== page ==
ThinkFree steps into the fray

New ProductsTechnology IndustryBusinessProductivitySun Microsystems Inc.Apple Inc.

Despite the overwhelming dominance of Microsoft Corp.'s Windows in the computing realm, it can be avoided with such alternatives as the open-source Linux operating system and, of course, Apple Computer Inc.'s Macintosh.

But while you can duck Microsoft's operating system, avoiding the company's office productivity software is not so easy.

Microsoft Office -- which includes Word (word processor), Excel (spreadsheet) and PowerPoint (presentation) -- has become such a standard that even many Mac users find they need some measure of compatibility with it.

Microsoft's Macintosh Business Unit has done a terrific job on the current Mac versions of the suite -- Microsoft Office 2001 for Mac OS 9 and Microsoft Office v.X for Mac OS X -- provided you can afford it.

The full versions of Office v.X and Office 2001 list for $499.95 each, though you can get them for $435.95 at such catalog resellers as MacMall and Club Mac.

But if you're in the market for a new Mac, you can get the OS X version of Office for just $199, as long as you buy by the Jan. 7 deadline. Few users, however, can benefit from such a limited offer.

Should you own an older version of Office, upgrading isn’t cheap, either: The upgrade packages list for $299.95 each, with the resellers discounting them to about $259. If you only need one Office component, you can save a little, however: Word, Excel or PowerPoint can be bought separately for about $350 each.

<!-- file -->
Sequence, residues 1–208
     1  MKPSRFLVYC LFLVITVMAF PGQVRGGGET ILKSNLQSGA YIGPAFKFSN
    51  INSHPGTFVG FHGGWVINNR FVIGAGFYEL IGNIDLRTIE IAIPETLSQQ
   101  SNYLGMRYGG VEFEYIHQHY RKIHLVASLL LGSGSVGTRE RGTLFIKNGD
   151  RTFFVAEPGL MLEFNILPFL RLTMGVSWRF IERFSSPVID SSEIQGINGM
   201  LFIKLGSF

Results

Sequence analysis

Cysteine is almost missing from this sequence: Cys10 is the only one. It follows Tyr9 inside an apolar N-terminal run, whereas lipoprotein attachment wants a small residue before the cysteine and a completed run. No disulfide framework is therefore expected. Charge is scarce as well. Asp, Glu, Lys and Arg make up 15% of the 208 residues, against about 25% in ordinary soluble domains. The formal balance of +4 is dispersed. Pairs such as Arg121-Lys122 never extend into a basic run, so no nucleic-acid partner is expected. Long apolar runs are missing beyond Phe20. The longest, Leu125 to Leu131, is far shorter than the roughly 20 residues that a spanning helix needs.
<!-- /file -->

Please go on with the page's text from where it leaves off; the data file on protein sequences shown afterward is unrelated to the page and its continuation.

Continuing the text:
Faced with such prices, many Mac users have wrestled with either shelling out a princely sum for a Mac version of Microsoft Office or enduring the inconvenience of being unable to open Office files.

Apple's own productivity suite, AppleWorks 6, costs much less at $79 -- and Apple bundles it with iBook and iMac software for free -- but the program lacks the scope of Microsoft Office's features.

AppleWorks also includes file translators from MacLinkPlus, which allow it to open and save Word and Excel files, but can’t transfer much beyond the most basic formatting. And AppleWorks' presentation module is completely incompatible with PowerPoint.

Yet Mac users have a better, if lesser-known alternative: ThinkFree Office, from ThinkFree.com Corp., a company based Cupertino, Calif.

ThinkFree can open and create files in the three primary Microsoft Office formats. And because it is written in Sun Microsystems Inc.’s platform-independent Java programming language, ThinkFree can offer versions for Mac OS X, Mac OS 9, Windows and Linux -- every significant operating system in general use today.

Best of all, this software suite costs a mere $49.95.

If you need Microsoft Office compatibility -- and these days, nearly everyone does -- ThinkFree is worth a look. But before rushing out to get a copy, be aware that this package has several serious drawbacks.

As is common in Java-based software, ThinkFree can be sluggish -- though the severity of this problem depends on your Mac’s horsepower.

For instance, ThinkFree launched in 11 seconds on my 867 megahertz, G4-equipped tower Mac, but took 44 seconds to launch on my 500 megahertz, G3-powered iBook.

Once launched, the software is responsive, even on the iBook; while not as snappy as AppleWorks or Microsoft Office, it’s still quite usable.

Another issue with ThinkFree is that it can't handle much of the complex formatting embedded in files created in Microsoft Office, though it will preserve the content.